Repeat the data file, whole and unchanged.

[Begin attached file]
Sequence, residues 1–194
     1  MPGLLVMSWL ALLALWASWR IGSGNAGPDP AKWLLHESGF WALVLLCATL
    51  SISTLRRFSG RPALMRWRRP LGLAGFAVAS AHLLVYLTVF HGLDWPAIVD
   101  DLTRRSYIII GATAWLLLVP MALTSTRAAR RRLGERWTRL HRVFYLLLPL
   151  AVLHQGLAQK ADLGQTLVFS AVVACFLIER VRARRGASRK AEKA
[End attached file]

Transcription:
Sequence, residues 1–194
     1  MPGLLVMSWL ALLALWASWR IGSGNAGPDP AKWLLHESGF WALVLLCATL
    51  SISTLRRFSG RPALMRWRRP LGLAGFAVAS AHLLVYLTVF HGLDWPAIVD
   101  DLTRRSYIII GATAWLLLVP MALTSTRAAR RRLGERWTRL HRVFYLLLPL
   151  AVLHQGLAQK ADLGQTLVFS AVVACFLIER VRARRGASRK AEKA